Masedi Farms closed for unprofitability - PHK

Staff Writer
The Masedi Farm Project was established in addition to Peo Holdings (Pty) Ltd and Business Development Fund by Debswana as part of a broad socio-economic investment and citizen empowerment, Parliament has learnt.

The Minister of Minerals, Energy and Water Resources, Ponatshego Kedikilwe told the House on Monday that one of the main objectives of the initiative was to contribute towards the social and economic stability of the country.

The project was also meant to generate employment opportunities in the rural areas, create model farming enterprises and demonstrate that agro-industry can be viably established in the country.

However, Kedikilwe said after six years, none of the intentioned objectives was achieved and the company was unable to break even at any time during the period.
Even the seasonal employment created benefited mainly migrant labourers from Zimbabwe as Batswana did not find the minimum wage offered sufficiently attractive.

The project and farmers suffered heavy losses at crop production stage and could not progress to agro-industrial activities because many farmers had given up on it, the minister said.

After a prolonged period of unprofitability, it was clear that Masedi could not realise the desired self-sufficiency, and after consultation with stakeholders, the Debswana Board decided to close the initiative.

Kedikilwe reminded Parliament that the initial agricultural initiative at Pandamatenga was pioneered by private farmers with the assistance of government through the National Development Bank (NDB).

He said the closure of Masedi was premised on purely commercial principles and that continued funding of Masedi's loss-making operations would have amounted to inefficient application of Debswana shareholders' funds.

The government's share of the funding that would have otherwise been channelled to Masedi was subsequently freed to be invested in other national development initiatives.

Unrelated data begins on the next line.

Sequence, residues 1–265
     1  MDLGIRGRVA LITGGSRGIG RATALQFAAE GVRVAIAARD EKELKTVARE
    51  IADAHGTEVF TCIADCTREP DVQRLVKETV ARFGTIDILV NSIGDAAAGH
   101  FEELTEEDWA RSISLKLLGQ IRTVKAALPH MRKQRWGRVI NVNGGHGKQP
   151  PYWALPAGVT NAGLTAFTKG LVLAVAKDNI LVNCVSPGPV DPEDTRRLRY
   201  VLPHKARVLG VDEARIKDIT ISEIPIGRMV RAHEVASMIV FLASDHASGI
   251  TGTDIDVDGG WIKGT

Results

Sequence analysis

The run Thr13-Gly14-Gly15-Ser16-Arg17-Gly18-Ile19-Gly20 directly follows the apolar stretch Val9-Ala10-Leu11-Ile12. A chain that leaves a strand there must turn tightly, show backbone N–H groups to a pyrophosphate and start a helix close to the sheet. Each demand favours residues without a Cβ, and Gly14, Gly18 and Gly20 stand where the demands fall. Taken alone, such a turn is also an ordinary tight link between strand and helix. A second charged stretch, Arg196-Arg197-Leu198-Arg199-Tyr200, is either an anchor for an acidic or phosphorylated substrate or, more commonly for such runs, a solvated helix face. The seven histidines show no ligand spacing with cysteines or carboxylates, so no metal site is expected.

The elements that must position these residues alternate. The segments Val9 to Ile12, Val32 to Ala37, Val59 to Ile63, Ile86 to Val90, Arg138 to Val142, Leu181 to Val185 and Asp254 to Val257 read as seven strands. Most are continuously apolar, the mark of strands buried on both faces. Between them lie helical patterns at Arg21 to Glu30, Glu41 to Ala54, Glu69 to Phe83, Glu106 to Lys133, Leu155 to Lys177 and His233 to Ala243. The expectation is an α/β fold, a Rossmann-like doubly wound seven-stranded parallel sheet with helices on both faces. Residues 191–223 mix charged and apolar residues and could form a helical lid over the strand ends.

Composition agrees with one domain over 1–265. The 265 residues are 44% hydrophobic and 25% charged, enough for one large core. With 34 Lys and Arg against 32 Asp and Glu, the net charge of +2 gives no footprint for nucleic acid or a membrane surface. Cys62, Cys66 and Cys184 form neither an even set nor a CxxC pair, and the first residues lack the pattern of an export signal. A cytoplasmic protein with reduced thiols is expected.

Kedikilwe said about

16 people were permanently employed by Masedi at the time of its closure and all were paid retrenchment packages.

"Masedi Farms assisted over 50 subsistence farmers through its out-grower programme," he said, and regular consultations were undertaken with all of these prior to the closure of Masedi.

"The out-growers were advised to group themselves into a co-operative (in order) to benefit from other opportunities of alternative financing outside Masedi's out-grower programme."

Kedikilwe was responding to a question raised by the Member of Parliament for Chobe, Duncan Mlazie regarding whether (or not) the Masedi Farms Project was meant to assist the government in its economic diversification strategy, what had gone wrong with the project and why there was a sudden change of heart by the sponsors.

Mlazie had also asked whether the minister was aware of the negative impact the closure of Masedi had had on the people of Pandamatenga and the economy of the Chobe and the country as a whole.

In another separate question, Mlazie had asked Minister Kedikilwe whether he was aware that Masedi Farms were sold to foreigners, and if this was the case, why the farms were not sold to Batswana as an empowerment initiative, particularly to young farmers trained by Masedi.

To this, Kedikilwe said Masedi Farms did not own the farms it operated and only held them under lease - three from Chobe Land Board, four from DB Holdings and one from a certain Benjamin Mathe. All the leases were disposed of by public auction.



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